This year (2016) has essentially started out like a sucker punch for those of us who are fans of pop culture. This week has seen the deaths of two of the men whose work in pop culture was formative for me–David Bowie and Alan Rickman (if I ever had a celebrity crush, it was Alan Rickman). This week I have also seen repeated posts about the indie game That Dragon, Cancer (yes, both Bowie and Rickman died of cancer at age 69), which seems dismally appropriate.
I have not played the game. I don’t know if I will. However, a lot of people have been saying a lot of positive things about how the game has helped them to work through their own emotional experiences of losing a loved one or enabling them to empathize with others or to deal with their own struggle with illness.
And then there are the trolls. Destructoid featured a story today by Jed Whitaker about how certain people on the internet have essentially lost their right to be human beings by being horrible examples thereof.
The game is about a family’s struggle in losing their son to cancer, a deeply personal experience that led to their desire to produce a game about that experience–to do what many people do when they have a deeply emotional experience, which is to say, to make art about it. This is something people have been doing since people were capable of making art of any kind. It is a perfectly reasonable and perfectly human response.
It is also a perfectly human response to want to share that art with other humans. Sharing that art might help the artists to release tension and let go of grief. It might help other people going (or who have gone) through a similar process to cope with their own grief. It might help explain to others what their grief is like. And, yes, it might make them money. That is a thing that art does, when shared and distributed to the public.
And yet you don’t see people lining up to lambast the authors of books on cancer for “selling out.” You don’t see entire forum threads dedicated to John Nash that A Beautiful Mind shouldn’t have been made. But this is the gaming community, and apparently that means that basic human decency is of less concern. Whitaker notes:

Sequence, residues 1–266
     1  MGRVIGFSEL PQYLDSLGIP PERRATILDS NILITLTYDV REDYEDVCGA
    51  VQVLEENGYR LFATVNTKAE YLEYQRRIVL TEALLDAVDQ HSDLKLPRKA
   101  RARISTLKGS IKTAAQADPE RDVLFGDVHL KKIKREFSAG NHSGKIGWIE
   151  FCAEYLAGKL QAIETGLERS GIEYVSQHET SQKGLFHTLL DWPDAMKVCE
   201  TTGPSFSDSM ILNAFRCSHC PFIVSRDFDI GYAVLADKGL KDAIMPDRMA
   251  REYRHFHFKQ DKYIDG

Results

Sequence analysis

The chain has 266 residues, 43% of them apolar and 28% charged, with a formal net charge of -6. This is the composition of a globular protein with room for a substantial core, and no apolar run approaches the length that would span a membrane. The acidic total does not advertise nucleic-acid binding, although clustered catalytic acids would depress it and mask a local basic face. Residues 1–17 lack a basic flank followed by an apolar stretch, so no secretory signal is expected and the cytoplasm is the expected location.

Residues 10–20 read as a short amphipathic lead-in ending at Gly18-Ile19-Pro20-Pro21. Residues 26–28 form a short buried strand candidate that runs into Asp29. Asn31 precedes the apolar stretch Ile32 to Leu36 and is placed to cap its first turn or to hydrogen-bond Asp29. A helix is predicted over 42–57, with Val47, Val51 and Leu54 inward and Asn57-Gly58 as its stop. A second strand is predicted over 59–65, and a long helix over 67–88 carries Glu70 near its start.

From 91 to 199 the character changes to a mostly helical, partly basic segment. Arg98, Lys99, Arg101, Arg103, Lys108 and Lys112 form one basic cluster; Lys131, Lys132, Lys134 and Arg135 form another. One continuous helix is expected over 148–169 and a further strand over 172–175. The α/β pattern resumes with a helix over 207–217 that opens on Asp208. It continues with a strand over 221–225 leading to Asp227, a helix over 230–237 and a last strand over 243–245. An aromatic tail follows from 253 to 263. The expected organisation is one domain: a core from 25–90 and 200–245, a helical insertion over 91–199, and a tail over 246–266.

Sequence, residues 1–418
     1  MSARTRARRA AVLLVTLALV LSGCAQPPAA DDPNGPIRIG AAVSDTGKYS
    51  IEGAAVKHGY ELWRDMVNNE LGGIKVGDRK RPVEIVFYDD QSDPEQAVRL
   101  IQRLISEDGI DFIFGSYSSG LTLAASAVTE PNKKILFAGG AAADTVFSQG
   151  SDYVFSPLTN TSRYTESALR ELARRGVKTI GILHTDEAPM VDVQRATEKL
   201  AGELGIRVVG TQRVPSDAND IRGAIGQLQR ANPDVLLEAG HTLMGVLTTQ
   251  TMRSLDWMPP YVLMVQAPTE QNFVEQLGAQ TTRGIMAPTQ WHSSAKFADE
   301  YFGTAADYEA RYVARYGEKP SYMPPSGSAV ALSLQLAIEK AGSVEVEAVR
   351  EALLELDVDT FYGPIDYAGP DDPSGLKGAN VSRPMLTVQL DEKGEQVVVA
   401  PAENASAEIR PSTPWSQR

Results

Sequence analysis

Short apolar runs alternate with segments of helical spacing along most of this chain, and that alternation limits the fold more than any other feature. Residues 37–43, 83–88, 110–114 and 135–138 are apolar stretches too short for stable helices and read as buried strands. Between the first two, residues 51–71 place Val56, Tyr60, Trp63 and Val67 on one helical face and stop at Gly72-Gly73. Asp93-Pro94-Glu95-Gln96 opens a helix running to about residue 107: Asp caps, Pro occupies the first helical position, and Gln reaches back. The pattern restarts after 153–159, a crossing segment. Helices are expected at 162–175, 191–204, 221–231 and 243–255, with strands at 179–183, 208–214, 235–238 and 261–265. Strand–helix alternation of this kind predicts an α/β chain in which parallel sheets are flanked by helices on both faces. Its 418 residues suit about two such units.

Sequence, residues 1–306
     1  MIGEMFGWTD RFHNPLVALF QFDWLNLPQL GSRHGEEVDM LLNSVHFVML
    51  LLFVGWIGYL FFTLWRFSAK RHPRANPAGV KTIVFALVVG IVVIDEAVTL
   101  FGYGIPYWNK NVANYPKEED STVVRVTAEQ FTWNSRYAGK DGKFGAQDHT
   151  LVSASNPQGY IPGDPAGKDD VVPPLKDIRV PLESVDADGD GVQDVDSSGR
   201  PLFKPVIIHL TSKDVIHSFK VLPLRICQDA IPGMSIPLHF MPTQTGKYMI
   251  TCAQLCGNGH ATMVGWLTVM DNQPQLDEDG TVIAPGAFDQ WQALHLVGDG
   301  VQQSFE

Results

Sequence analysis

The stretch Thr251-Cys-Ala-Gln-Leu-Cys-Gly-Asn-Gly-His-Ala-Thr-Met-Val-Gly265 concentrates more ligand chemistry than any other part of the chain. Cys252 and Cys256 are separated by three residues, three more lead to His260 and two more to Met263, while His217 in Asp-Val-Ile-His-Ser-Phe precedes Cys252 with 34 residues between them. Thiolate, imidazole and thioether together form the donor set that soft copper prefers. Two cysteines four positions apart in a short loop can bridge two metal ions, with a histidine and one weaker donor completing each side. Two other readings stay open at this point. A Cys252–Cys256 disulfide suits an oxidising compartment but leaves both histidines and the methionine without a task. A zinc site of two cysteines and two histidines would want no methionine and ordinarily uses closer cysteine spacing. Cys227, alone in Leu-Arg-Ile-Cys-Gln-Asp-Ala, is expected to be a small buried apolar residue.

One locked thread called, “That Dragon, Cancer, an obvious cash-in on feel-marketing” states, “It’s always nice to get money out of a tragedy. I hope you people get happy by the loads of money you will receive. Cashing in on cancer, now that’s capitalism at it’s finest.” Another person asks, “Will there be DLC or expansions if another one of their family members gets cancer?” Many other threads complain of the religious themes found in the game as the family uses faith to deal with some of their hardships.
It’s a personal game. I may not share the family’s religious beliefs, but that doesn’t mean they don’t have every right to include them in a game that they made about themselves. They have the right to make the art they want and to sell the art they made, irrespective of the event or events that instigated the production of that art. Whitaker asks, “To those who feel this family is cashing in on their son’s death I have to wonder, would they have been okay with the story if it were fiction?” And if the answer were “yes,” then the accusation would be that the creators are exploiting someone else’s pain… there is literally no way to win in this situation (not least of which is because we’re talking about a child dying of cancer, by the way).
This isn’t to say that everyone on the forums is a complete jerk, but it does say a lot about the kind of community gaming fosters if those people–undoubtedly the same ones who cry about “censorship” when women and people of color ask for more representation–are comfortable being vocal with their inhumane remarks. I’ll end with Whitaker’s apt closing:
How can people act this way, trolling or not? What kind of sick person gets their kicks from harassing people who opened themselves up to the public in ways many people would never dare? To quote one of the trolls, “This is absolutely, without a doubt, the most heartless thing I have seen, in an incredibly long time.”